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California and the West

Davis Selects Panel to Focus on Education

Schools: Governor-elect seeks improved performance in what is called top issue.

November 13, 1998|NICK ANDERSON | TIMES STAFF WRITER

Two teachers union presidents, a Silicon Valley entrepreneur, an Inglewood elementary school principal and one of the state's most influential business leaders were among a group Gov.-elect Gray Davis named Thursday to tackle what he calls job one: education reform.

The 13-member panel, Davis said in a news release, will develop policies intended to improve performance in the nation's largest systems of public education.

"For too long, California has simply not expected enough from its schools," Davis said. "By the end of my first term, I believe we can lift the performance, possibilities and promise of every child."

Moving quickly on an issue voters rated No. 1 during his campaign, Davis has said he intends to call a special session of the Legislature to pass urgent education bills as soon as he takes office in January.

Those chosen Thursday reflected the transition of power in Sacramento to a Democratic administration after 16 years of Republican control of the governor's office.

On the list were at least two individuals whom departing Republican Gov. Pete Wilson called enemies of school reform: Lois Tinson, president of the California Teachers Assn., the state's largest teachers union; and Mary Bergan, president of the California Federation of Teachers, the second largest.

Bergan said Davis had given the group "a pretty daunting task"--namely, to develop proposals to raise student achievement. Bergan said she would push to increase state programs to help students in jeopardy of falling behind.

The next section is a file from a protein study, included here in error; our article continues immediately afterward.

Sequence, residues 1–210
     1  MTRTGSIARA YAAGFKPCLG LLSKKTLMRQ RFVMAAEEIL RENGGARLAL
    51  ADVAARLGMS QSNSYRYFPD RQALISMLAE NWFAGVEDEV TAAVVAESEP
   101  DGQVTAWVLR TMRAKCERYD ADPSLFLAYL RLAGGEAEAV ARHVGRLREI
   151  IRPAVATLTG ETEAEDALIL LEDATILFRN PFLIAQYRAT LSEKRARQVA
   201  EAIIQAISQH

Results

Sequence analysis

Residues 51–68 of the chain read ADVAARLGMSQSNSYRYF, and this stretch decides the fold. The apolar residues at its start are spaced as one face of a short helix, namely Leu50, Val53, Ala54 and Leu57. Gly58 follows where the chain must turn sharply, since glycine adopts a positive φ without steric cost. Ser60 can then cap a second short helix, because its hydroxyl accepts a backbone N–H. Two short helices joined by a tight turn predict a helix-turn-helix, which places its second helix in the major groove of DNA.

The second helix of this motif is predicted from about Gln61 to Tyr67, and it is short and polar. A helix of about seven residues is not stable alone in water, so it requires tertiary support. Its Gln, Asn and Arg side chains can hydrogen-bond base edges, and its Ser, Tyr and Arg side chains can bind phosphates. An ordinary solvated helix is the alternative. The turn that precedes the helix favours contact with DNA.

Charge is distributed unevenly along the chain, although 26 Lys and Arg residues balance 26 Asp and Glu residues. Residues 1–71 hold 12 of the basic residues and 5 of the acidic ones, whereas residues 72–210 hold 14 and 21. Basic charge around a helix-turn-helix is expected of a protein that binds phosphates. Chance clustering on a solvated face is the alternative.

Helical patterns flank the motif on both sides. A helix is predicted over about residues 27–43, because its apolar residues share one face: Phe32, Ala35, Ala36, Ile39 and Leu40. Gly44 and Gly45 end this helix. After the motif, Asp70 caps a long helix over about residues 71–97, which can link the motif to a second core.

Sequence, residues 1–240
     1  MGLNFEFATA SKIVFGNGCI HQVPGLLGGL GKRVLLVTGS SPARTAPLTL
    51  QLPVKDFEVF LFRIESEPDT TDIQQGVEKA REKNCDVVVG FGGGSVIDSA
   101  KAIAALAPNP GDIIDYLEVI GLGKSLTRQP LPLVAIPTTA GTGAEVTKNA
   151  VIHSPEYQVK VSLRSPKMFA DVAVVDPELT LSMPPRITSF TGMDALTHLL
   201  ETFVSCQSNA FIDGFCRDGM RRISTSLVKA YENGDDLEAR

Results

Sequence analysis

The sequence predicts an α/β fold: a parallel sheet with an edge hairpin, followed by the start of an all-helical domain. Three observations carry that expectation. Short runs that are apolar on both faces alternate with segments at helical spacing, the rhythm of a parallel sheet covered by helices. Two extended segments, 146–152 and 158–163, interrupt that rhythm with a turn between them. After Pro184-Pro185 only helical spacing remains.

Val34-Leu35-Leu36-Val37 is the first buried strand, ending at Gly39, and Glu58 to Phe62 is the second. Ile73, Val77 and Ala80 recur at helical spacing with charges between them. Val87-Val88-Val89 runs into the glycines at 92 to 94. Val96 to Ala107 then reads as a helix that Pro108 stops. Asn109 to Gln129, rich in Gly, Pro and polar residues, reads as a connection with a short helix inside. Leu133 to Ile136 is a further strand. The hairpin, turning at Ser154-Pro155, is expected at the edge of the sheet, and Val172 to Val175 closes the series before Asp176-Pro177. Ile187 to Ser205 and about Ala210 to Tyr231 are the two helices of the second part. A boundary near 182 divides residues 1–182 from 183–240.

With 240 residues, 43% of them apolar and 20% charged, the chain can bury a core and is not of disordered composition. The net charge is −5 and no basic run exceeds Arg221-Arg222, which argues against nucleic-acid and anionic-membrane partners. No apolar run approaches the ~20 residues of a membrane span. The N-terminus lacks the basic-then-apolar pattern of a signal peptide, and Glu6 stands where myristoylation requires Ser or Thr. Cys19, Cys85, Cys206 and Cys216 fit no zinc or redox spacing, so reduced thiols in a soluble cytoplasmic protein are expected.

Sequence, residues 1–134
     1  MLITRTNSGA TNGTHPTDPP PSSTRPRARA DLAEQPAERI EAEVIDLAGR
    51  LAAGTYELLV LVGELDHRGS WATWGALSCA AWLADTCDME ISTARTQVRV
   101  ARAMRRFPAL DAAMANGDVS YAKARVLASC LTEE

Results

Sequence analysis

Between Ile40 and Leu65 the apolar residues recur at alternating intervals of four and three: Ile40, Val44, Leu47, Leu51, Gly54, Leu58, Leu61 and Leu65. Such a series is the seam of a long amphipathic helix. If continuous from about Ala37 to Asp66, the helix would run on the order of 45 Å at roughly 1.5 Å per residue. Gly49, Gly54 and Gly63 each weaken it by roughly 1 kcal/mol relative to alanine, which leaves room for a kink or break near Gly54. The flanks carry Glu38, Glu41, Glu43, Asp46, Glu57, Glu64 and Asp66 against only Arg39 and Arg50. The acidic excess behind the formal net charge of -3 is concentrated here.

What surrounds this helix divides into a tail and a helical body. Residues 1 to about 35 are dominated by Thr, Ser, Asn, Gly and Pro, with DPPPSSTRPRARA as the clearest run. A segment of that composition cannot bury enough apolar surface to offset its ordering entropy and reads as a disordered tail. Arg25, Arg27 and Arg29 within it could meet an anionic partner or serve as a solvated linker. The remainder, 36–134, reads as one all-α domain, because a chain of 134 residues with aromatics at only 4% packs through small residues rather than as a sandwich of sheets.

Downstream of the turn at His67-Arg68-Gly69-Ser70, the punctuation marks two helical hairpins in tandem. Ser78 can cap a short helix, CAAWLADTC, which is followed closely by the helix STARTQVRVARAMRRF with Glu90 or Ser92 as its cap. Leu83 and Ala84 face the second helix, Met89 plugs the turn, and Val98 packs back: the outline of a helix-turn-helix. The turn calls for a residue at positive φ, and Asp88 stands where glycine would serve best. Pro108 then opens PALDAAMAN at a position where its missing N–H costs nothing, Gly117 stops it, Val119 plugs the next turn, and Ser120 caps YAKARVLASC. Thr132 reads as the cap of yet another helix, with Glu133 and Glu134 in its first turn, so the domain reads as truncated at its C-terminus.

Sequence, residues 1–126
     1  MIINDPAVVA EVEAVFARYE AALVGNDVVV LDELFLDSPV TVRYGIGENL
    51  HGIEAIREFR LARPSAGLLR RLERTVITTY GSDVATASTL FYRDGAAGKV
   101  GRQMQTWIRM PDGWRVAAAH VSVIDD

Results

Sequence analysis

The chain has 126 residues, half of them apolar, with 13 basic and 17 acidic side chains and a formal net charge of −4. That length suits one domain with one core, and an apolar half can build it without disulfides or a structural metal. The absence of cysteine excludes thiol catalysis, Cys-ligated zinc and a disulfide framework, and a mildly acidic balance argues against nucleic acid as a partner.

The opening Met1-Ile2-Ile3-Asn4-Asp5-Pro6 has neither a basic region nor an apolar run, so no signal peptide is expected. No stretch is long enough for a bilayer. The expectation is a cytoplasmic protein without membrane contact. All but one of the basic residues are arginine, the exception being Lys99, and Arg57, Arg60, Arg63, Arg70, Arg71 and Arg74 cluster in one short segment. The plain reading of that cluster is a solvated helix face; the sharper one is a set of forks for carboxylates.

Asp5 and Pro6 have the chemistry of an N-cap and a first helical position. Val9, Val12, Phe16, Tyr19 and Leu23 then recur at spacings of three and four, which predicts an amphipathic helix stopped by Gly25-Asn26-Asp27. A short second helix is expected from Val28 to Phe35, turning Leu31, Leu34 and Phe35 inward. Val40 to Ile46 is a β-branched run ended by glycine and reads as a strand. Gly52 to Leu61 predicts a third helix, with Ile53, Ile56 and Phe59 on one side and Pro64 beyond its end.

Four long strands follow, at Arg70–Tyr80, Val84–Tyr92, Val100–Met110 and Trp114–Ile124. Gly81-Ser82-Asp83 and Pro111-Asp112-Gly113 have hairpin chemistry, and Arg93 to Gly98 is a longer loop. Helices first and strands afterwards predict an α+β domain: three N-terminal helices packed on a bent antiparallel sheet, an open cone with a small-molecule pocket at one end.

"I don't think we really have a good intervention system in place," Bergan said. "Teachers work hard not to let kids fall through the cracks, but it's difficult."

Others named to the panel were:

Reed Hastings, a Silicon Valley businessman who this year helped push the state to expand publicly funded charter schools; Nancy Ichinaga, principal of Bennett/Kew Elementary School in Inglewood, which is known for a back-to-basics reading program; Eli Broad, the head of SunAmerica and a member of the California Business Roundtable; Gary K. Hart, a former state senator; Richard C. Atkinson, president of the University of California; Alan Bersin, the superintendent of San Diego city schools and former Clinton administration "border czar"; Cecil Lytle, a professor at UC San Diego; William Crist, a professor at Cal State Stanislaus; Roland Arnall, a former trustee of California State University; Bobbie Metzger, a communications official for Cal State; and Marlene Garcia, education director for the state Senate Research Office.

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